Wednesday, August 31, 2011

Will the Credit Default Swaps Market Become Less Predictable?

Yesterday's Wall Street Journal (8/30/11) reported on P. C11 that a hedge fund manager named Mark Brodsky asked the International Swaps and Derivatives Association to rule that a "bankruptcy credit event" (which triggers a dealer's obligation to pay under a credit default swap) has occurred for a company that hasn't actually entered into bankruptcy proceedings. A lot may ride on the response to this request. Brodsky runs a hedge fund called Aurelius Capital Management LP, which holds credit default swaps for Texas Cooperative Electric Holdings Co. According to Aurelius Capital, Texas Cooperative Electric is insolvent and has admitted as much. Aurelius Capital would like to collect on its CDS's without having to wait for an actual bankruptcy filing (which would constitute a bankruptcy credit event triggering a dealer obligation to pay on the CDS's).

A decision by ISDA that the insolvency of Texas Cooperative Electric is enough to trigger the obligation to pay on the CDS's may transform the CDS market. CDS's have been regarded as similar to insurance contracts, which pay when discrete, well-defined events occur. If the debtor doesn't pay the underlying debt on time or files for bankruptcy, then the dealer that sold the CDS has to pay its customer. But insolvency is a much broader concept, and may depend on how one defines and assigns valuations to the debtor's "assets" and "liabilities." Lawyers and accountants can argue until pigs fly about whether or not a debtor is insolvent. It's not unreasonable to believe that just about all major American banks were insolvent in parts of 2008-09; and it's possible that one or more remain insolvent today. Perfectly sane people rationally entertain suspicions that Europe's major banks might now be insolvent. Very possibly, most industrialized nations of the world are insolvent. There are shiploads of CDS's outstanding with respect to the debt of all the major banks and just about all the world's industrialized nations.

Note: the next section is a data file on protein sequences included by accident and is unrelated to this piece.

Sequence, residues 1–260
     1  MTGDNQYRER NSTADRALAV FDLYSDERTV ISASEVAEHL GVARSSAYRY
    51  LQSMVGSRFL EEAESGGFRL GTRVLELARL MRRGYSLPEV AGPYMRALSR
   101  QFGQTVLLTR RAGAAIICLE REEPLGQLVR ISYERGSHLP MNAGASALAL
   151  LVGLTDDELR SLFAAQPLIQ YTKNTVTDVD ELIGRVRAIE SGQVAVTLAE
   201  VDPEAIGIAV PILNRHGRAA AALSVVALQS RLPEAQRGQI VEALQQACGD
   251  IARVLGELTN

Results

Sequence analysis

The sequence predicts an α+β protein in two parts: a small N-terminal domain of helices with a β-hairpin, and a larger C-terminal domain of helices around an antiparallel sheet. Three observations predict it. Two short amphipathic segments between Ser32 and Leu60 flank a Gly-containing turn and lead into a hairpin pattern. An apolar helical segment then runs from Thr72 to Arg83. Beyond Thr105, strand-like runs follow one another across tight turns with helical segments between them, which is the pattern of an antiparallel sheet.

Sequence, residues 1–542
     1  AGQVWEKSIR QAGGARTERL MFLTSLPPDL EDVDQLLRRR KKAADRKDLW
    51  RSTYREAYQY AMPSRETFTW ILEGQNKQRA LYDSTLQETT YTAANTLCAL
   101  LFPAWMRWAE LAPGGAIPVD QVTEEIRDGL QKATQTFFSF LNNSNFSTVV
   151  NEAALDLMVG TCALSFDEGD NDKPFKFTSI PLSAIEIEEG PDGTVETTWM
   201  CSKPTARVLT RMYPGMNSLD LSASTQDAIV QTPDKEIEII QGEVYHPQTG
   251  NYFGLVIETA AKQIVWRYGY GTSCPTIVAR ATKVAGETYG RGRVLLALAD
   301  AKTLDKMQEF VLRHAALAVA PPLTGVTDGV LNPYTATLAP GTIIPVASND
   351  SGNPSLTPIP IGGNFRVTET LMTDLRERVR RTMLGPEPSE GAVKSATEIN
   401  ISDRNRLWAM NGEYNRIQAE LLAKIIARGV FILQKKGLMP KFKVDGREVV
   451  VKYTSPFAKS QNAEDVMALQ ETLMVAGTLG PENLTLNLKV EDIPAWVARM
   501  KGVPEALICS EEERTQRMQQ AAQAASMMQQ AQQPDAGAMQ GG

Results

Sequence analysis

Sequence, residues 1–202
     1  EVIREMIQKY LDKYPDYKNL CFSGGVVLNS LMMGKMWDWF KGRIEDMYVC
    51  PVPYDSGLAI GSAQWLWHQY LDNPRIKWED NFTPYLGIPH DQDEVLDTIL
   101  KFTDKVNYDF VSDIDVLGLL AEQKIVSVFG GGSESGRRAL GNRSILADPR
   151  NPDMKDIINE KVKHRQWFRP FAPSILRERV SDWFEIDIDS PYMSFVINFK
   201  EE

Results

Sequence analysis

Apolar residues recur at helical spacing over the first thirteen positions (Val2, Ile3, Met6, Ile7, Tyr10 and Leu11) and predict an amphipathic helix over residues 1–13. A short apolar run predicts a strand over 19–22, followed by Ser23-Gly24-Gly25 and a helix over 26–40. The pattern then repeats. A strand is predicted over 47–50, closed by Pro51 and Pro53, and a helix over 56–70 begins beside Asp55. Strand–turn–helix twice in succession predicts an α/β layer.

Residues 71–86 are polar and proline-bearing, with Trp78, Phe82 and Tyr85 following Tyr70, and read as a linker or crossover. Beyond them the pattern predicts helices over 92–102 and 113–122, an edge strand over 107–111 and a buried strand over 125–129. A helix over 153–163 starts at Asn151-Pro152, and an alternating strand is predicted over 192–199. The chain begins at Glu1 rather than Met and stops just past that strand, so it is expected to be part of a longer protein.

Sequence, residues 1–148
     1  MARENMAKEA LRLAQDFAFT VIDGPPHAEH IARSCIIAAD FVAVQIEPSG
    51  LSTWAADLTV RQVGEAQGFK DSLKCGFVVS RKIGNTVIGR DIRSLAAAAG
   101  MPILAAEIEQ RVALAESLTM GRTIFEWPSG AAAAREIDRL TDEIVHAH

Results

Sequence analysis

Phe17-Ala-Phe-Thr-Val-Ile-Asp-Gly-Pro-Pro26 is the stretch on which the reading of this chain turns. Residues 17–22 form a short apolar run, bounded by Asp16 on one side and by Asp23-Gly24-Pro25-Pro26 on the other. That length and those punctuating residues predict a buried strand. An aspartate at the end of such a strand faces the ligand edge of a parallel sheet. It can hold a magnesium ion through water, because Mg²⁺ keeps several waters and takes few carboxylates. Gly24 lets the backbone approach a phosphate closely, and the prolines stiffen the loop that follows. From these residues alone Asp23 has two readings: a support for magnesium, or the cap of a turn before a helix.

If Aurelius Capital can collect on its Texas Cooperative Electric CDS's without an actual bankruptcy filing, a lot of market participants holding an exponentially larger quantity of bank and sovereign debt CDS's might be similarly entitled to collect because the relevant underlying debtors are insolvent. The major CDS dealers might become shaky at that point--assuming they can even figure out their net claims or liabilities, which could be a convoluted process given that we still don't have much transparency in the trading, settlement or clearance of CDS's, Dodd-Frank notwithstanding. Since the major CDS dealers are among the world's largest banks, a lot might be at stake.

Financial crises, like the debacle in 2007-08, tend to occur because something unexpected happens. In the case of the events in 2007-08, it was the drop in the real estate market on a national basis, something that hadn't happened in a very long time and therefore wasn't expected to happen again. Today, the European sovereign debt crisis could trigger another financial crisis because market participants continue to believe that there is no problem so great that some expedient muddling by EU governments can't forestall the denouement for yet a couple more months. Excessive expediency allows underlying problems to fester and fester--and then blow up when least expected.

A change in the way CDS's are interpreted, as requested by Aurelius Capital, could fluster a lot of people playing in the CDS market. That market might become less predictable, and then who knows what would happen. If there's one thing the CDS market hasn't expected, it would be a legal interpretive issue like this one, which could, in one fell swoop, affect the length and breadth of the market--and with it, the entire financial system. So keep an eye out for the outcome.

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